Russia’s attack on the Ukraine is dominating the headlines and driving current market sentiment, but for Canadian investors, in the long run, economic fundamentals and monetary policy are typically more important than global conflicts, suggests a new report from economists at Bank of Montreal.
The primary economic and financial impact of the Russian invasion for Canada is the resulting surge in energy prices, BMO said.
Coming against the backdrop of already-strong inflation, rising energy prices adds more fuel to the fire.
“If prices hold at current levels, or head higher, this factor alone could bump headline inflation by roughly 0.6 [percentage points],” it said.
Oil prices are likely to be the biggest impact for the Canadian economy too, BMO said, as there’s relatively little direct trade and investment between Canada and either Russia or the Ukraine.
Ordinarily, higher energy prices are good for the Canadian economy, but if rising prices slow global growth, this can undermine the positive effects, BMO noted.
“This rapid rise in energy prices risks doing just that, especially at a time when consumers are already rattled by rising inflation,” the report said. “At best, this broad-based rise in commodity prices is neutral for overall growth, and may even tip over into being a moderate drag, given the shock to consumers and the sentiment-damaging effect of the invasion.”
In terms of the impact on monetary policy, BMO continues to expect that the Bank of Canada will raise rates by 25 basis points next week — but the pace of future hikes is now less clear.
“Indeed, the sharp move higher in energy prices only reinforces inflation concerns, though there’s the added layer of growth risks as well due to the extent of the increase in oil prices and because of the Russia/Ukraine conflict itself,” it said.
So, if the conflict drags on, it could affect how many rate hikes the Bank of Canada delivers in the months ahead.
“Until we get more information on the extent of sanctions that will be imposed on Russia, it’s difficult to assess the medium-term impact on the Canadian economy and policy. However, the risks appear skewed to a lower end-point for policy rates until this conflict quiets,” BMO said.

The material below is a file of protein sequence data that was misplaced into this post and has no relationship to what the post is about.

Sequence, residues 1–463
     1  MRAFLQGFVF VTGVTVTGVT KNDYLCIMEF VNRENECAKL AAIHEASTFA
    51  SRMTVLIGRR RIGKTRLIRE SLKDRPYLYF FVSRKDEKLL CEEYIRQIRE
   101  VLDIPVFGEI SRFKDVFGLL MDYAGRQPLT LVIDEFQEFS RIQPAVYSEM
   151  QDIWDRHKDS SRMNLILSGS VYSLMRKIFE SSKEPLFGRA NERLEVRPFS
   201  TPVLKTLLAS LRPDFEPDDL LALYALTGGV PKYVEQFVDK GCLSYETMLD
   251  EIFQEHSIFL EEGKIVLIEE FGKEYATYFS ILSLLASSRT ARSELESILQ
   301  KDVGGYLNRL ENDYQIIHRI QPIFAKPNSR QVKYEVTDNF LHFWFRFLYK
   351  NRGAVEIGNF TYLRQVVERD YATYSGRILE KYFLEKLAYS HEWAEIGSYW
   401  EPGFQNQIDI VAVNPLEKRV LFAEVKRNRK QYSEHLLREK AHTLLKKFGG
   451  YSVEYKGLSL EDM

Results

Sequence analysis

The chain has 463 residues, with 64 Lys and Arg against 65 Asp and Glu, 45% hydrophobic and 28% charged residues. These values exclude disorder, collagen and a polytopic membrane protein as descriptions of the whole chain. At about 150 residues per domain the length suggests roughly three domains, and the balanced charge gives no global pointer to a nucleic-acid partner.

Similarly, in the U.S., it’s expected that the Fed will still raise rates next month as forecast, but the likelihood of future hikes is now less certain.
“Much will depend on the European economic consequences of the current conflict and its potential escalation,” BMO said, adding, “At this point, we remain comfortable with our call for 125 bps of total rate hikes this year, in this very fluid environment.”
In terms of equities, the TSX’s relatively high exposure to commodities tends to make it somewhat of a safe haven amid high inflation and rising energy prices.
“Against a backdrop of monetary policy tightening, the TSX has found a strong niche thanks to more exposure to value-oriented dividend-paying equities, and less exposure to high-flying technology where valuations are a concern in this environment,” the report said.
“If there is one lesson from looking at past geopolitical conflicts together as a group (and they are all different to be sure), it is that they usually prove to be noise in the bigger picture that is ultimately shaped by the economic and monetary policy cycles,” it concluded.